3. Be positive, reassuring and compassionate. Don’t shout at the child, tell them off for causing a scene or judge them for overreacting, as this will likely make them feel even more overwhelmed. Instead, be patient with the child and offer them love and support.
Parent supporting a child that is experiencing sensory overload

There are also some practical actions you can take to manage each of the sensory triggers:

Light/Sight Sensitivity
Things that can help manage sensory overload include:

  • Giving the child a reading light or desk lamp.
  • Fitting a black-out blind.
  • Providing the child with sunglasses.
  • Creating a workstation with dividers to block out visual distractions.
  • Decluttering the immediate environment.
  • Presenting tasks/objects one at a time.

Sound Sensitivity
Try managing the overwhelm caused by noise by:

  • Allowing the child to wear earbuds or noise-cancelling headphones.
  • Listening to calm background music.
  • Shutting doors and windows to block out external noise.
  • Having regular quiet time.
  • Providing a dedicated desk or space for quiet play.

Smell Sensitivity
Things that can manage sensitivity to smell include:

  • Using unscented cleaning products and toiletries. 
  • Removing any air fresheners and candles.
  • Not wearing perfume around the child.
  • Closing the door to cooking smells from the kitchen.
  • Pre-warning the child if they’ll be using paint, glue or other strong-smelling craft materials that day.

Touch Sensitivity

Try managing sensory overload by:

  • Giving the child something they enjoy the texture of to hold.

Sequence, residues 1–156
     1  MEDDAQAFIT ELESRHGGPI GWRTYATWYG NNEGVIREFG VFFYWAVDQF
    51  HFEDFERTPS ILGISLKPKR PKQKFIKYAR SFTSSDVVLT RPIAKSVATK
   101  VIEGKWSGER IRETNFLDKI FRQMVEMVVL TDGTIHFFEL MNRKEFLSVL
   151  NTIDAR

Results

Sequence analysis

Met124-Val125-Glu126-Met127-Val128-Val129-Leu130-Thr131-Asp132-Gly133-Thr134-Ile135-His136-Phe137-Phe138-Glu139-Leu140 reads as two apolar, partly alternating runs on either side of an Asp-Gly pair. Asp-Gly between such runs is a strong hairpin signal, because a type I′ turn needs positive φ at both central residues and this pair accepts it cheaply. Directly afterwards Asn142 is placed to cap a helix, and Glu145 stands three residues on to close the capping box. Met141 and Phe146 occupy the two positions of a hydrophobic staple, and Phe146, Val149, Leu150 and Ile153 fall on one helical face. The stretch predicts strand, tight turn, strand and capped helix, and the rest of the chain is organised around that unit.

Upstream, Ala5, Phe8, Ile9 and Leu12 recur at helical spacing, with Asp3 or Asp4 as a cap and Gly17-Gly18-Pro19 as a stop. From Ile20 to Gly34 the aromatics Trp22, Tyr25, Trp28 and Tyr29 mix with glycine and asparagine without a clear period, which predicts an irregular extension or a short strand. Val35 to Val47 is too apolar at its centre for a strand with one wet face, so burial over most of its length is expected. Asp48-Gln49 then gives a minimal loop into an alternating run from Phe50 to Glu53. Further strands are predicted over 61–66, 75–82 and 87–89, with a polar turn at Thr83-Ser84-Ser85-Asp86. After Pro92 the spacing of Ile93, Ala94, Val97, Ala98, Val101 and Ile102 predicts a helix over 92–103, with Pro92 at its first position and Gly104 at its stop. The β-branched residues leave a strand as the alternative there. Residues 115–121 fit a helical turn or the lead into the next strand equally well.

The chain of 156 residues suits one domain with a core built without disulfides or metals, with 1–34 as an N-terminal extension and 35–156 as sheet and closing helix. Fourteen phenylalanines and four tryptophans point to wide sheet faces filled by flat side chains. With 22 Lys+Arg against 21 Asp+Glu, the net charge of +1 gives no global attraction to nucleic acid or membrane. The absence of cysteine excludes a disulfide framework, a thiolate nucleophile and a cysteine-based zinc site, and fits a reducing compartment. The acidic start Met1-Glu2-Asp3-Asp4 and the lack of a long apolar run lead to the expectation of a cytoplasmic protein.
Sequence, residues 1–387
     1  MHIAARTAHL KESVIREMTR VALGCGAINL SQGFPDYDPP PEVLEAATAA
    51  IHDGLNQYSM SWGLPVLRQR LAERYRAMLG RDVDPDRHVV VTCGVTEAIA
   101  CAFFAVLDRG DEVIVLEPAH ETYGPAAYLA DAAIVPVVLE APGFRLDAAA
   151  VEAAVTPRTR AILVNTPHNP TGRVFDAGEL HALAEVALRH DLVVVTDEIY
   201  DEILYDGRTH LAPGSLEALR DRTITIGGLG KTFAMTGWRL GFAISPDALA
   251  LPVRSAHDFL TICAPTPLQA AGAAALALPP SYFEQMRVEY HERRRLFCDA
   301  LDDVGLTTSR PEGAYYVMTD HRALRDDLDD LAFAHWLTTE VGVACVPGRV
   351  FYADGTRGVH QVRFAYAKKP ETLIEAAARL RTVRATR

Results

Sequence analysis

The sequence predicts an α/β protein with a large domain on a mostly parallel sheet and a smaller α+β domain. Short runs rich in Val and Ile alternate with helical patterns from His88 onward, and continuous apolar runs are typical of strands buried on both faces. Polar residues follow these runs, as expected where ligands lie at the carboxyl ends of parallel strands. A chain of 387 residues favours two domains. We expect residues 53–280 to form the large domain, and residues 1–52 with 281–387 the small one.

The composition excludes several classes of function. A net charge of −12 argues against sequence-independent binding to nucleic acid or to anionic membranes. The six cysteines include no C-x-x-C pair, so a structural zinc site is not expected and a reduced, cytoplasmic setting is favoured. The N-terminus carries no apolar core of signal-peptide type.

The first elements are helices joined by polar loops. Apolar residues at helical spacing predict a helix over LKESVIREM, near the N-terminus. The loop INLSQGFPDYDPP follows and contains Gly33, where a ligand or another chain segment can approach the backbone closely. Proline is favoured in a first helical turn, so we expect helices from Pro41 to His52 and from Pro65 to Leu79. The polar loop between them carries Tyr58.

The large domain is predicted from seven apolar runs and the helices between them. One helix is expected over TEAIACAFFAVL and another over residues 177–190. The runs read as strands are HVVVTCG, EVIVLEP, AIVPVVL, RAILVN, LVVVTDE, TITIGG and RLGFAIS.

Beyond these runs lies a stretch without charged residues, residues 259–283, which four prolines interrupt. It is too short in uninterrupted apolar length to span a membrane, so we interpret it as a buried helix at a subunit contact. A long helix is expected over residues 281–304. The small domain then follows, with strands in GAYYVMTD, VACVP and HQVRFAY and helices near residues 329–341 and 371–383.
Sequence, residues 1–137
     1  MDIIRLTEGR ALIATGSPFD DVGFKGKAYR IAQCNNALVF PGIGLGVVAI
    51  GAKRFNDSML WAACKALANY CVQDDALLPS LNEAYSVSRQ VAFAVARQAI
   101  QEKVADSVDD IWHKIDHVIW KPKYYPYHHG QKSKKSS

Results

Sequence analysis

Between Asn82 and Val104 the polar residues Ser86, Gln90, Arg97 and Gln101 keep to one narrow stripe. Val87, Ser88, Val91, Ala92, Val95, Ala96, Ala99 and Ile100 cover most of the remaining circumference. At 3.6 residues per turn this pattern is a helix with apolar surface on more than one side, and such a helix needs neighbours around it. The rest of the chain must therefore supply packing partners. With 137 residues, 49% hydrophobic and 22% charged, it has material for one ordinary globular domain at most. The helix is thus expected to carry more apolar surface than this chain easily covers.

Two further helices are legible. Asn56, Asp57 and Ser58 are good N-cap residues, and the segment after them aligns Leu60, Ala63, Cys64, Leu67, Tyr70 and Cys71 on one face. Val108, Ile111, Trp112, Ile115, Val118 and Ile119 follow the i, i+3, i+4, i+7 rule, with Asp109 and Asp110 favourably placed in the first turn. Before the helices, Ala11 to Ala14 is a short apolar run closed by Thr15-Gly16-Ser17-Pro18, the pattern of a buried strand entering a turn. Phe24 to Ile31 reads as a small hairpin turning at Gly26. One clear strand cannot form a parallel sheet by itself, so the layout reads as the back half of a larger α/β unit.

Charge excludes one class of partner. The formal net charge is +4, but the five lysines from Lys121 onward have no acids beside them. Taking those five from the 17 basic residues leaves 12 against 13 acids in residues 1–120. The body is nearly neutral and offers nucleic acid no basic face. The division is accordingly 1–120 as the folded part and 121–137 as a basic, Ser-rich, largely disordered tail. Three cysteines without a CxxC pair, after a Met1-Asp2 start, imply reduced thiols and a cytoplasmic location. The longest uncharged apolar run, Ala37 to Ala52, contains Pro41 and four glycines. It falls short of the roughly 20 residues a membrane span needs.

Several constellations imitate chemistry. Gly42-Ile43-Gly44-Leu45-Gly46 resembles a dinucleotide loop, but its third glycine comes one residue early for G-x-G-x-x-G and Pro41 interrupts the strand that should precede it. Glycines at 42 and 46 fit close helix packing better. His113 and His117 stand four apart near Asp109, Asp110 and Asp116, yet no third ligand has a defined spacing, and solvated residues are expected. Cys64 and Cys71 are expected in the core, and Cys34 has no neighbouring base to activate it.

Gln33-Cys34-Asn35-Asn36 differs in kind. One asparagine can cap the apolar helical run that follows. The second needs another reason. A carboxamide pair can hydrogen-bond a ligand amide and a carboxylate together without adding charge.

• Providing a ‘touch box’ of items with different textures that the child can explore safely.
  • Removing labels from clothing.
  • Allowing the child to wear what they feel comfortable in. 
  • Giving the child their own cushion to sit on that they feel familiar with and can use in all new environments, such as school assemblies and new classrooms.

Taste Sensitivity

To manage overstimulation to taste, you could try:

  • Adhering to the child’s specific diet, such as if they prefer bland foods, foods without sauces or foods of a certain texture.
  • Not forcing the child to try or eat something they’re clearly not comfortable with.

All children deserve to feel safe and happy, whether they’re at home or at school, and knowing how to manage sensory overload is a key contributor to this. As a parent, carer or teacher, it’s vital that you recognise which children in your care experience sensory overload, know what their triggers are and can work with the child to keep them calm. Not only will this reduce the pressure on you, but it’ll also help the child to thrive and develop the skills they need to self-manage their triggers as they grow up.